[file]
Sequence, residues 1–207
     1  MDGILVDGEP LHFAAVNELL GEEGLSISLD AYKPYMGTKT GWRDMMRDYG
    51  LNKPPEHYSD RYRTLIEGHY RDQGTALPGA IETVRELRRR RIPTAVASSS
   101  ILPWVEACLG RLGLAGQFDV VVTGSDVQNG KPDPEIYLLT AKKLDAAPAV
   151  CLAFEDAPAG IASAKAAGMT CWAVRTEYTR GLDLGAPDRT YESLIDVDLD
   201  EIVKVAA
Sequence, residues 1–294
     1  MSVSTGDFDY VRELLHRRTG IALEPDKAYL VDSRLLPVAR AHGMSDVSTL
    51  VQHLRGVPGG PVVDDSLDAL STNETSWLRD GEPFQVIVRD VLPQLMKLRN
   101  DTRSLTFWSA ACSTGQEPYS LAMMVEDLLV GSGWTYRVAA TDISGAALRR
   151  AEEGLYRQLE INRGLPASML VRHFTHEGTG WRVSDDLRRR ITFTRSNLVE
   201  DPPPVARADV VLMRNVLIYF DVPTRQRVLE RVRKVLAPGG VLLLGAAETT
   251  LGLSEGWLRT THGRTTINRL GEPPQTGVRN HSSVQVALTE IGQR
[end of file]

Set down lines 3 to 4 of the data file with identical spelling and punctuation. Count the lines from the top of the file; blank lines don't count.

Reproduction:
    51  LNKPPEHYSD RYRTLIEGHY RDQGTALPGA IETVRELRRR RIPTAVASSS
   101  ILPWVEACLG RLGLAGQFDV VVTGSDVQNG KPDPEIYLLT AKKLDAAPAV